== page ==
The archive: Alan Wells at the Moscow games
DOUG GILLON July 24 2006
It was hardly classic piobeareachd that droned from the depths of Moscow’s Luzhniki stadium.
Generations of McCrimmons would doubtless have been birling in their graves, but it was music to the ears of the assembled hacks, awaiting the arrival of the newly-crowned Olympic 100 metres champion.
It’s 25 years today since Allan Wells set a British 100m record of 10.11 seconds. That’s what it took to get into the Olympic semi-final, and the Edinburgh sprinter did not have to run as fast to win gold the following day.
Both he and Silvio Leonard crossed the line together in 10.25, the Cuban in lane one and the Scot in lane eight. Wells thought he had won and set off on a lap of honour. “Then, a Russian official said ‘Niet! Niet’. He said I hadn’t won. I thought I’d made a right fool of myself.”
But seconds later, the result went on the scoreboard - in Cyrillic. “I figured that ‘Wells’ was shorter than ‘Leonard’, and besides, two letters in my name were the same. It was me! Only then did I know I’d won,” he recalled this weekend.
High up in the press room, I waited with the rest of the media to interview Wells. A piper had been found with one of the TV crews and we knew Wells was on his way when we heard the strains of Scotland the Brave. Wells had no sooner taken his seat, when the correspondent from The Times leapt up: “Were you thinking about Harold Abrahams when you crossed the line?”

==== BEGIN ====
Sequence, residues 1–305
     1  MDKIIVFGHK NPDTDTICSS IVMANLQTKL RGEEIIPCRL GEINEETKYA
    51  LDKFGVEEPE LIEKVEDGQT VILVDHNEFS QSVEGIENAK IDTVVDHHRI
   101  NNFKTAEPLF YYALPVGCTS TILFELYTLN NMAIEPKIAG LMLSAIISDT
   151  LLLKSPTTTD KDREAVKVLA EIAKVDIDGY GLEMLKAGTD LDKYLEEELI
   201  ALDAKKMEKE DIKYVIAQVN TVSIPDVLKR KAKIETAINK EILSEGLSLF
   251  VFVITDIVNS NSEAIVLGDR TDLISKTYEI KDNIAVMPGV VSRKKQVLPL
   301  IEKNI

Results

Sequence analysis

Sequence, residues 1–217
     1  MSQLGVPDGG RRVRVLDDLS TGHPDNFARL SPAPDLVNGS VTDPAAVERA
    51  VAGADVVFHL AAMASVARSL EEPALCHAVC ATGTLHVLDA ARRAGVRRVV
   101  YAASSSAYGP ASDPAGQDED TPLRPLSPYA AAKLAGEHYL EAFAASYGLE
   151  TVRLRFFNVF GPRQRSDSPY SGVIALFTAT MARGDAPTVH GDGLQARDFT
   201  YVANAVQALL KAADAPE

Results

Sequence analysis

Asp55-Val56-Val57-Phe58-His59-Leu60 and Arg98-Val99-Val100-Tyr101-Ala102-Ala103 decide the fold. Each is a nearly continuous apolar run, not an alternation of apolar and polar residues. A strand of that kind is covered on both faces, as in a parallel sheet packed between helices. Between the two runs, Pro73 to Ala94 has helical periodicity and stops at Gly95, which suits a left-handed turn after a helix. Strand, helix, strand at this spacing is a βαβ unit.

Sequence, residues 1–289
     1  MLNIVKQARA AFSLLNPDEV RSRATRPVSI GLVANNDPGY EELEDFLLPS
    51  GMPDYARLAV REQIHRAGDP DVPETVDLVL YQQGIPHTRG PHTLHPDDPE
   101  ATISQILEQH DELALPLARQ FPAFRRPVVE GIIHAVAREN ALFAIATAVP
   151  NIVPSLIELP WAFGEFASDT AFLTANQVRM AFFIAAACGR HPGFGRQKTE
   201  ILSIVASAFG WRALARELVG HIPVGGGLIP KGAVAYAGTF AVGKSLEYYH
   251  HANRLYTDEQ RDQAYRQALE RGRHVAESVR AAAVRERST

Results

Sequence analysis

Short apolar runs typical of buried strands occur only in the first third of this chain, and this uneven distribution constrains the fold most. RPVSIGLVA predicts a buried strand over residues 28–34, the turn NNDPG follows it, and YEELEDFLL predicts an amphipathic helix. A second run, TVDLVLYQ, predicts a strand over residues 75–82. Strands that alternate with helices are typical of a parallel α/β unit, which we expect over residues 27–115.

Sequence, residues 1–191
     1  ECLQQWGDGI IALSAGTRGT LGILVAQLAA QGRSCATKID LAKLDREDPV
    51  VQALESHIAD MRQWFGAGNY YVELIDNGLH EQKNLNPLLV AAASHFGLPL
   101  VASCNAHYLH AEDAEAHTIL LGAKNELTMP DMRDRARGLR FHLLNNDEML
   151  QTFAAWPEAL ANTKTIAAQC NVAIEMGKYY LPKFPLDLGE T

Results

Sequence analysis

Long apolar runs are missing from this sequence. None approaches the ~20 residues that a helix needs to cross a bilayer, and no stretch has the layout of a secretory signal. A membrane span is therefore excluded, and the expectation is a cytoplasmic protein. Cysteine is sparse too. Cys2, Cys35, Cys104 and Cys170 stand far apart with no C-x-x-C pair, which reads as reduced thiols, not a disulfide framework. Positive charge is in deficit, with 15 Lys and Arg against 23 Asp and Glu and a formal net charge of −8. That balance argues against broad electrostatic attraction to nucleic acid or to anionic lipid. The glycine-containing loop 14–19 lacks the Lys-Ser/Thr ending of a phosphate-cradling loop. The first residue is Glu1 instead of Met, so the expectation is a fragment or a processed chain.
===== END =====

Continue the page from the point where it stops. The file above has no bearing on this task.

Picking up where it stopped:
Abrahams had been the last Brit to win Olympic 100m gold, in 1924, but Wells knew his heritage. Turning to the wee group of Scots, he gave us an enormous wink: “No, I was thinking about Eric Liddell, actually.”
He had just become the first Scot since Liddell to win an Olympic athletics title, and he came within inches of a double. In the 200m he was narrowly denied by the Italian world record-holder, Pietro Mennea, whose mother called Wells The Bull. “I’ve always taken that as a compliment,” said Allan.
Wells had to accept silver after setting another British record, at 20.21. Both the 100 and 200m times still survive as Scottish records today.
He had to relearn using starting blocks only 10 weeks before the Olympics, because the timing equipment was being linked to them for the first time. “I’d got out of the habit of using blocks years before, because I was too lazy to lug them around from the dressing room at Meadowbank. They were heavy, and besides, I’d found I could get closer to the start line.”
A father of two, he works as an engineering technician at Surrey University, but is an ambassador for Glasgow’s 2014 Commonwealth Games bid, and there has been talk of him advising young Scots sprinters. “I’d be happy to get involved in that,” he said.
Wells was a notoriously hard trainer, under the eye of his wife, Margot. He maintains the habit: “I work out most days, and practice my golf.” He enjoyed his best round ever last week. “I was two under at the Oxfordshire, in a Variety Club event. I play off five, so they weren’t very happy.”
Will he celebrate the anniversary? “Well I won’t be having a run down the track, but Margot and I will have a wee glass of wine.”